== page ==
This is another installment in Birmingham Times/AL.com joint series ”Beyond the Violence: what can be done to address Birmingham’s rising homicide rate.” Sign up for the newsletter here.
Birmingham Police Chief Scott Thurmond took the helm of Alabama’s largest police force at an unenviable time.
The city’s homicide tally is on pace to break records and staffing and morale have been critically low.
Those who know or have worked with the 48-year-old Thurmond say he is up to the challenge.
“I’ve never known Scott to give up on anything,’’ said Jason Epstein, Thurmond’s college roommate and longtime friend. “He’s stronger than the problem. If there’s a challenge, he’s going to outlast it.”
Thurmond, a husband, father of two teen sons and 23-year veteran of the department, was named as the acting chief in January, a position that was made permanent in June by Mayor Randall Woodfin.
“I have every confidence in the leadership of Acting Chief Thurmond,” said Woodfin said at the time.
“He has a history of innovation, strength, and humility. Acting Chief Thurmond will be a bridge builder for our residents and police force. He is the right man to help keep our community safe.”
“Since day one, Chief Thurmond has demonstrated that he is a compassionate leader and an advocate for our officers and residents,” Woodfin said in June. “There is no need to look any further. He is the right man for the job. He will serve our city well.”
Efforts to reach Woodfin for additional comment were unsuccessful.
Thurmond is four months into the permanent position, and some say it’s too soon to evaluate or predict what his tenure will look like. Some say they believe he is the right person for the times.
“He has the experience, he has the temperament, he certainly has the leadership skills,’’ said Allen Treadaway, a state representative and former assistant chief. “I think he comes in at a time where that is needed.”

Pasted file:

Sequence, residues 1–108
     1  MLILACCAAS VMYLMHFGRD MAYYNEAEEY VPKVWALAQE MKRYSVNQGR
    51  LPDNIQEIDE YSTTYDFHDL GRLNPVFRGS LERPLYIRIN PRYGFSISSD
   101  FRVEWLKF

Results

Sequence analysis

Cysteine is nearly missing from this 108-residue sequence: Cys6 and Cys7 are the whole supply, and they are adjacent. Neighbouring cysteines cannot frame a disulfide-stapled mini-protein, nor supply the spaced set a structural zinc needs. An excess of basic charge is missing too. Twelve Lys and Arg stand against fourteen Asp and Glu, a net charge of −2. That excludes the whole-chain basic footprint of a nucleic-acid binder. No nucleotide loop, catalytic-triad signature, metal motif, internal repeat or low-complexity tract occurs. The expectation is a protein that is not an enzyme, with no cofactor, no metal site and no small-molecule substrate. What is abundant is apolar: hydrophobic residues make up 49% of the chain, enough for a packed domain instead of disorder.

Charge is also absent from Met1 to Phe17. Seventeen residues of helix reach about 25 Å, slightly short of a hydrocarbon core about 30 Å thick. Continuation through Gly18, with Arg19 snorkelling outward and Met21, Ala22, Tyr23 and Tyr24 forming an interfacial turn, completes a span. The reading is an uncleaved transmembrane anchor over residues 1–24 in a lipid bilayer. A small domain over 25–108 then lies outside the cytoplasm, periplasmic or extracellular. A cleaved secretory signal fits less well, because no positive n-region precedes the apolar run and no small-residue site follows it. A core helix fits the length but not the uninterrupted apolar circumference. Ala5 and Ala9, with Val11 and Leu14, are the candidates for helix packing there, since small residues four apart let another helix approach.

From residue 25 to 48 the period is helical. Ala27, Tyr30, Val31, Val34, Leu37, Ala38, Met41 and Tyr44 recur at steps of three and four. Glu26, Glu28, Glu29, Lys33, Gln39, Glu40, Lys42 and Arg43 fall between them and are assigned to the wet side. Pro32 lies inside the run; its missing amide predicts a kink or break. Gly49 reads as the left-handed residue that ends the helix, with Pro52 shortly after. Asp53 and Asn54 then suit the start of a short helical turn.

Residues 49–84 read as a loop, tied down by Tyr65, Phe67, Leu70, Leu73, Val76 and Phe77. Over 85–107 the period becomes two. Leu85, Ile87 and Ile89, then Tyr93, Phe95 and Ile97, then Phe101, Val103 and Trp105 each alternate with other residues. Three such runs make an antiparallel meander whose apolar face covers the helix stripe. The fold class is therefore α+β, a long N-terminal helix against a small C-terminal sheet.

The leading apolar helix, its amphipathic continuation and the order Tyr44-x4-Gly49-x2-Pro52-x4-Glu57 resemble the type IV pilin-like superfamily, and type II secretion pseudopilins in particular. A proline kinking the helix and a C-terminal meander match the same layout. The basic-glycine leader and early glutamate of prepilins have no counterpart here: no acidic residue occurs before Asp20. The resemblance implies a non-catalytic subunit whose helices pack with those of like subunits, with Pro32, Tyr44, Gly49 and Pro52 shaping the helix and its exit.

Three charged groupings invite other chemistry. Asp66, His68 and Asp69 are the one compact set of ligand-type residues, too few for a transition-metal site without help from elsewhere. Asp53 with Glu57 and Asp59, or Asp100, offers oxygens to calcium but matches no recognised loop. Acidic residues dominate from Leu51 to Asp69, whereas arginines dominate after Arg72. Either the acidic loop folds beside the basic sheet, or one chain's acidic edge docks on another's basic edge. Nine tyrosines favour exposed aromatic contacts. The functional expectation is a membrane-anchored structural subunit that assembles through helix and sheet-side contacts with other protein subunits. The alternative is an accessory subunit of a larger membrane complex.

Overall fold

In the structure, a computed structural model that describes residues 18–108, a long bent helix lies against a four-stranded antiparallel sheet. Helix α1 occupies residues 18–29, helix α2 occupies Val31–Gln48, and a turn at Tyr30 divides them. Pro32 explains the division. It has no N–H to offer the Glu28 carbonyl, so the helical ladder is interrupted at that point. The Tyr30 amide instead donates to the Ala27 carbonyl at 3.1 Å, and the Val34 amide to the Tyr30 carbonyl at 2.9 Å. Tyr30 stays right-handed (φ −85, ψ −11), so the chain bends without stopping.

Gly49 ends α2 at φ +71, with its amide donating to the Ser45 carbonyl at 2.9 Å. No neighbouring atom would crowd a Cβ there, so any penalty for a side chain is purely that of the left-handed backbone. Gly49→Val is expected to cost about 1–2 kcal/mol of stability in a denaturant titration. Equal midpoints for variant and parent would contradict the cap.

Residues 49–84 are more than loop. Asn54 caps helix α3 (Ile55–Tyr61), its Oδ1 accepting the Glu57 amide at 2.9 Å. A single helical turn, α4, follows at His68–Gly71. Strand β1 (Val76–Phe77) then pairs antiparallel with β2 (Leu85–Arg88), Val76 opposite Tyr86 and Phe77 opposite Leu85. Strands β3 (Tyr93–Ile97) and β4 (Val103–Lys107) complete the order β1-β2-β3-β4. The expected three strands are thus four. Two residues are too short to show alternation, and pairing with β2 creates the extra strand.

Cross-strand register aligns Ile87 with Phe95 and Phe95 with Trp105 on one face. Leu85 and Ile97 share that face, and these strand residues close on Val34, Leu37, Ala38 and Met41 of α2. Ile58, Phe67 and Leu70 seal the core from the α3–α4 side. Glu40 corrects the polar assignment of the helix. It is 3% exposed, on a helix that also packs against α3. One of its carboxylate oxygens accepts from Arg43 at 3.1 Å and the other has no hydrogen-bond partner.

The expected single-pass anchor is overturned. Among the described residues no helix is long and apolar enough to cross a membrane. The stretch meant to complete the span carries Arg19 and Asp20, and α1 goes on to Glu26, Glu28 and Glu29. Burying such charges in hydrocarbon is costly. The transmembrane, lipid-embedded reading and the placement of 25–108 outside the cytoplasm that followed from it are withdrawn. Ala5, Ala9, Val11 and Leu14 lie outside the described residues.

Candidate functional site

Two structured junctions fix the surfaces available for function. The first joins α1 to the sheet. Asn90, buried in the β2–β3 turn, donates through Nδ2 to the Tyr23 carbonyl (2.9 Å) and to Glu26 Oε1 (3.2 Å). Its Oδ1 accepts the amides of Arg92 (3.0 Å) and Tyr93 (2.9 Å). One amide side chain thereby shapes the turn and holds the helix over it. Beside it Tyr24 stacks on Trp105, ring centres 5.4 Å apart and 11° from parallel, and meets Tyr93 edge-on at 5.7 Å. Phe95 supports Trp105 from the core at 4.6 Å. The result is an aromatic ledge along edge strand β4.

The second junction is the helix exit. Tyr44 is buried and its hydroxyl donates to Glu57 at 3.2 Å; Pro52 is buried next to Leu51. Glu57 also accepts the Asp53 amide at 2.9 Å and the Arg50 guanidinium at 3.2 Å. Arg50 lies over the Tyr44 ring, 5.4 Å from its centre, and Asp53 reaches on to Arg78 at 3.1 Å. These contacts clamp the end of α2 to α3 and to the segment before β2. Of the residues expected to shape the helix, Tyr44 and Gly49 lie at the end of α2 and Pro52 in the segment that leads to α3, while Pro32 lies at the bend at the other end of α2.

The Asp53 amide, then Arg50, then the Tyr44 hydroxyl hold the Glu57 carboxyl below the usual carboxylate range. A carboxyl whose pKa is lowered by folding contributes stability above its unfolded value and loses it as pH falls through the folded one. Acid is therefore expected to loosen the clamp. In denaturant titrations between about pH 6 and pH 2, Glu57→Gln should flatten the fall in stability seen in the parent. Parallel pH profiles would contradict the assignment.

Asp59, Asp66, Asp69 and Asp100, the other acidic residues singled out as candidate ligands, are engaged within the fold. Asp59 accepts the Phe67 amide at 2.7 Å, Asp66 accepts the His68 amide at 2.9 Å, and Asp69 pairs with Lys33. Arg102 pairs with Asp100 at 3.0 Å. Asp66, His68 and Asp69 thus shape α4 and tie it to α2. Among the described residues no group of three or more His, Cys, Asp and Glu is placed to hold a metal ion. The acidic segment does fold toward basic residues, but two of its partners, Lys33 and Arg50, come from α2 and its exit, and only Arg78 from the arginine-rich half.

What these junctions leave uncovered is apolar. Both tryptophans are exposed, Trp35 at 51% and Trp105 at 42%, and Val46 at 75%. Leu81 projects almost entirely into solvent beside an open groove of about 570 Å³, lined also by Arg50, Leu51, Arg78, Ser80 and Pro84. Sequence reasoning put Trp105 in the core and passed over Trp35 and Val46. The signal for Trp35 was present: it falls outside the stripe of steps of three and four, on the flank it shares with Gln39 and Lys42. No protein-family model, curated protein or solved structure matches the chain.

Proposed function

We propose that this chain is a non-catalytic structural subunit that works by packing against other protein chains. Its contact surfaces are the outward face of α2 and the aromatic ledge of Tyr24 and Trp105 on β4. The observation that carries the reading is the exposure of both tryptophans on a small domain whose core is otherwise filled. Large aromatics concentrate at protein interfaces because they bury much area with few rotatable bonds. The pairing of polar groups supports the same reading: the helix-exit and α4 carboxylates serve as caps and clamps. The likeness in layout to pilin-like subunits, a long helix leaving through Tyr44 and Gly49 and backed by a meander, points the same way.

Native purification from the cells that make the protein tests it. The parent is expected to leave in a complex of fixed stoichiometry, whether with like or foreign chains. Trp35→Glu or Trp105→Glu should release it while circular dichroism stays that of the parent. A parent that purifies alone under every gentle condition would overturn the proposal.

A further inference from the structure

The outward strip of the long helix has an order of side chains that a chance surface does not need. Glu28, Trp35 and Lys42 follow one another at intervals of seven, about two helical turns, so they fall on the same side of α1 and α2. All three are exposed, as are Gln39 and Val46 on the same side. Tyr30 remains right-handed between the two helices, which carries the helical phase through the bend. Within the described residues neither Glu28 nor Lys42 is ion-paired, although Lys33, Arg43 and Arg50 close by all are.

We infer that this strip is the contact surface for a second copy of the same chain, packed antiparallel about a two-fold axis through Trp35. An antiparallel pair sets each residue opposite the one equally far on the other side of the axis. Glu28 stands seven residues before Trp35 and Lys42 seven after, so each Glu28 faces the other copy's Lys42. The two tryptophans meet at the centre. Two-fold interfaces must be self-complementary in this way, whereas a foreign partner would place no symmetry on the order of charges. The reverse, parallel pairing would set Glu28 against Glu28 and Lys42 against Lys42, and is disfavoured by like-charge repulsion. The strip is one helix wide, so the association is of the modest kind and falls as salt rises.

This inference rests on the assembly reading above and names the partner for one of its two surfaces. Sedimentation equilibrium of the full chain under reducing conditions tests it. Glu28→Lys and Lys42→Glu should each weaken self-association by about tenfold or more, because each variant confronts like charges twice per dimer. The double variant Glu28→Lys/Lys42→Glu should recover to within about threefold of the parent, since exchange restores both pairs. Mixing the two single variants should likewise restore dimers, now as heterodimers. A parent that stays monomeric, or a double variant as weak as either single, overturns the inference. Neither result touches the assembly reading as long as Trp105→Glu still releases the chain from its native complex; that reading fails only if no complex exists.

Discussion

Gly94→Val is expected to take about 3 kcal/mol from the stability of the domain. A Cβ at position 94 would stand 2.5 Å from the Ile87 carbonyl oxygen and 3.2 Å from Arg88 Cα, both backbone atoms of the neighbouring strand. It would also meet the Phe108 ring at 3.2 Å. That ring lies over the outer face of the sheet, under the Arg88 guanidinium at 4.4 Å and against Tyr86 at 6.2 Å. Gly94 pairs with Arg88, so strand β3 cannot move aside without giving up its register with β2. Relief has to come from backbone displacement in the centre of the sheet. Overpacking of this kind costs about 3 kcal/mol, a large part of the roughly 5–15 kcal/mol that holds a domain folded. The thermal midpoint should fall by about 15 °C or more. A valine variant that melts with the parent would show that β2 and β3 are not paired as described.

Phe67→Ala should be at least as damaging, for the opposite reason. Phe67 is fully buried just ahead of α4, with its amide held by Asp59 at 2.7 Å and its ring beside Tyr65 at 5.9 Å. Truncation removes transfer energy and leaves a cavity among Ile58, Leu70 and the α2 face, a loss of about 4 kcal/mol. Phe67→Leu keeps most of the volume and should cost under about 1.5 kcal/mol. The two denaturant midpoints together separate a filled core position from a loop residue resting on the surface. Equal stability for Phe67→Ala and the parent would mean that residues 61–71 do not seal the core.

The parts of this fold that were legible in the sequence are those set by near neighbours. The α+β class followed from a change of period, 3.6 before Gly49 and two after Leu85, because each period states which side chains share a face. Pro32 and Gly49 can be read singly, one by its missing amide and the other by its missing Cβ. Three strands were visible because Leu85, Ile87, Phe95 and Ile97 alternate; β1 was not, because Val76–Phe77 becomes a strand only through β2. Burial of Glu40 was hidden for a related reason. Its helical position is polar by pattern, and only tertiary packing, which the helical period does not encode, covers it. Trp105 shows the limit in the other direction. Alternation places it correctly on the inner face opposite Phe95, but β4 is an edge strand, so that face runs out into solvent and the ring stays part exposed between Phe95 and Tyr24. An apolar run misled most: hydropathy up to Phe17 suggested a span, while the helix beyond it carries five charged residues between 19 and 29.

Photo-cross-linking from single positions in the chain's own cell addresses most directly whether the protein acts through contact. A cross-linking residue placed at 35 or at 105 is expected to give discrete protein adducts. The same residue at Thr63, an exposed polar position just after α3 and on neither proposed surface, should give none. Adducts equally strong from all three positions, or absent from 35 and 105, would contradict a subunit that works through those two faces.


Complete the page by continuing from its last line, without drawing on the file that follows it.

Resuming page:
“He communicates well with the faith-based community, and he has the experience working in Birmingham where he knows the layout of the city, its history and he has a great appreciation for that.”
“Throughout all of the other chiefs, my office did get calls and complaints about police related matters that were under the chiefs’ purview and since Chief Thurmond taking over, I have not gotten any calls,’’ Birmingham City Council Member Hunter Williams said. “That’s not to say I won’t.”
“But when the phone doesn’t ring and it’s quiet, it’s a good thing and that means he has his head down, he’s doing his job, he’s doing what needs to be done for the department,’’ Williams said. “And when the department has leadership that is respected and effective, then the citizens get the best outcome.”
‘There is nothing else he wanted’
Thurmond, a Hoover native, graduated from the University of Montevallo in 1997 with a Bachelor of Science in sociology and a minor in political science. He joined the Birmingham Police Department in 1998.
“That was his dream job,’’ Epstein said. “If somebody were to ever be destined for something, that was it. There is nothing else he wanted other than to be in law enforcement.”
While at Montevallo, Thurmond held several leadership positions. He was a prosecutor for the Student Justice Council, and he also served on the Traffic Court.
Epstein recalled the day Thurmond learned he had been accepted into the Birmingham Police Academy.
“He was so excited he was going to work for the largest police force in the area,’’ he said.
Thurmond started at the North Precinct, in the Titusville and Smithfield communities, as patrolman and Field Training Officer.
In 2007, he was promoted to sergeant and assigned to the West Precinct.
A year later, Thurmond was transferred to the Homicide Unit and in 2013 he was promoted to lieutenant.
In 2015, Thurmond was appointed commander of the Homicide Unit and in 2018, he became the Interim Commander of the newly formed Robbery/Homicide Division which consisted of seven individual units: Homicide Unit, Felony Assault Unit, Robbery Unit, Crime Reduction Team (CRT), Project ICE, Intelligence Unit, and the Sex Offender Unit.
Thurmond was made captain of the West Precinct in 2019, launching a special task force focused on taking guns off the streets and. During his time there, the West Precinct saw a 25 percent reduction in crime.